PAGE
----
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Mathematicians who successfully solve problems say that the experience of having done so contributes to an appreciation for the 'power and beauty of mathematics' (NCTM, 1989, p.77), the "joy of banging your head against a mathematical wall, and then discovering that there might be ways of either going around or over that wall" (Olkin and Schoenfeld, 1994, p.43). 'Constructing meaningful understanding of mathematics content', in Aichele, D. (Eds.) Professional Development for Teachers of Mathematics , pp.
Let us consider how problem solving is a useful medium for each of these.
It has already been pointed out that mathematics is an essential discipline because of its practical role to the individual and society.
Schoenfeld also suggested that a good problem should be one which can be extended to lead to mathematical explorations and generalisations.
He described three characteristics of mathematical thinking: Problem solving is an important component of mathematics education because it is the single vehicle which seems to be able to achieve at school level all three of the values of mathematics listed at the outset of this article: functional, logical and aesthetic.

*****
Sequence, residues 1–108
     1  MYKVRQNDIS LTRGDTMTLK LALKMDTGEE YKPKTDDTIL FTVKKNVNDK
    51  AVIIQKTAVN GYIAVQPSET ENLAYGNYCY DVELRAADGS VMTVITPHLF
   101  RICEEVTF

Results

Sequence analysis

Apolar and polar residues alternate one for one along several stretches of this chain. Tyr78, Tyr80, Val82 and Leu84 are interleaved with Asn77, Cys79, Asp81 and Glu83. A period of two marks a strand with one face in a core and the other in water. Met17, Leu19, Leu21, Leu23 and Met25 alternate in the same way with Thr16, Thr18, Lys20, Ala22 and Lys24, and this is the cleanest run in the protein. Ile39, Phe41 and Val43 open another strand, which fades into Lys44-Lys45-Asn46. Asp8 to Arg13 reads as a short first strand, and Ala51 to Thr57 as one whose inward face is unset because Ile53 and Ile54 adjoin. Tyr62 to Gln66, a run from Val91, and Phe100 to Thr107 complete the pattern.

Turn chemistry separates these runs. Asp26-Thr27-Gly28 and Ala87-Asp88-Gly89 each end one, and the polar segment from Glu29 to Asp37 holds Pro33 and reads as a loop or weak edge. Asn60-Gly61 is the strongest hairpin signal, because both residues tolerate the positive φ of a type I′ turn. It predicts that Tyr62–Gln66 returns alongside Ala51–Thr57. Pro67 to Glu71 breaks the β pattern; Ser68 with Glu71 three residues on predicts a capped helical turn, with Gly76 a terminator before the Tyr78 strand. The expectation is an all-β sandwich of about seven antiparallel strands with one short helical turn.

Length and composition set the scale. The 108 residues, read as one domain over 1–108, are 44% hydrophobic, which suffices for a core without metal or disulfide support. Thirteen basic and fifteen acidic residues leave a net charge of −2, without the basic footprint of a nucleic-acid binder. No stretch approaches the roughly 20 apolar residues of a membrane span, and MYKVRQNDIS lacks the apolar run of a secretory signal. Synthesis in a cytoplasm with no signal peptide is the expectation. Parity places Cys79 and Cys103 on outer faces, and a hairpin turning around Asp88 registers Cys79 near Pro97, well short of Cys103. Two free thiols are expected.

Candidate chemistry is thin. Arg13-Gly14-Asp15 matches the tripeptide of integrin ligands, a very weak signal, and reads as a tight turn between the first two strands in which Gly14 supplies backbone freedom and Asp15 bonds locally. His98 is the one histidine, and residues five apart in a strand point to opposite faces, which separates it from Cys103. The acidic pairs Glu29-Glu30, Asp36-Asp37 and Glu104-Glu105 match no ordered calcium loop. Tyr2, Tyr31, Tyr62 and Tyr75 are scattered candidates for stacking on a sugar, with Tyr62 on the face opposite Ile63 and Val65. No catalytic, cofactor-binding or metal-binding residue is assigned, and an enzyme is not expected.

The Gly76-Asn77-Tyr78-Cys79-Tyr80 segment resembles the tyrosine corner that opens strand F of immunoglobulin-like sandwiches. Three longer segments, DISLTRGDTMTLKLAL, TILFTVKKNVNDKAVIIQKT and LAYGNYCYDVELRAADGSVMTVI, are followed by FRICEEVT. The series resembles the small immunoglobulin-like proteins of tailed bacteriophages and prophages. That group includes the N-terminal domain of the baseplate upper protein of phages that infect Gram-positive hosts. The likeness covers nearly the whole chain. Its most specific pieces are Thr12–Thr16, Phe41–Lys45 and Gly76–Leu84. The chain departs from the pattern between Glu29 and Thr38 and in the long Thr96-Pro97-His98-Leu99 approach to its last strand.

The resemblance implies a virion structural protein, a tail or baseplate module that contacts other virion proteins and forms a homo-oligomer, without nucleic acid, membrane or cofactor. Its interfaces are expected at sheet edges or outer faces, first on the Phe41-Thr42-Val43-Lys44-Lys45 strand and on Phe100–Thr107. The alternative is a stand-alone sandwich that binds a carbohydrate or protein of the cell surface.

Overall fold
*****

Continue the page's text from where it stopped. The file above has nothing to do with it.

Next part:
The National Council of Teachers of Mathematics (NCTM, 1980) recommended that problem solving be the focus of mathematics teaching because, they say, it encompasses skills and functions which are an important part of everyday life.
Furthermore it can help people to adapt to changes and unexpected problems in their careers and other aspects of their lives.
Such motivation gives problem solving special value as a vehicle for learning new concepts and skills or the reinforcement of skills already acquired (Stanic and Kilpatrick, 1989, NCTM, 1989).
Approaching mathematics through problem solving can create a context which simulates real life and therefore justifies the mathematics rather than treating it as an end in itself.
However, although it is this engagement which initially motivates the solver to pursue a problem, it is still necessary for certain techniques to be available for the involvement to continue successfully. Report of the Committee of Inquiry into the Teaching of Mathematics in Schools, London: Her Majesty's Stationery Office.
Hence more needs to be understood about what these techniques are and how they can best be made available.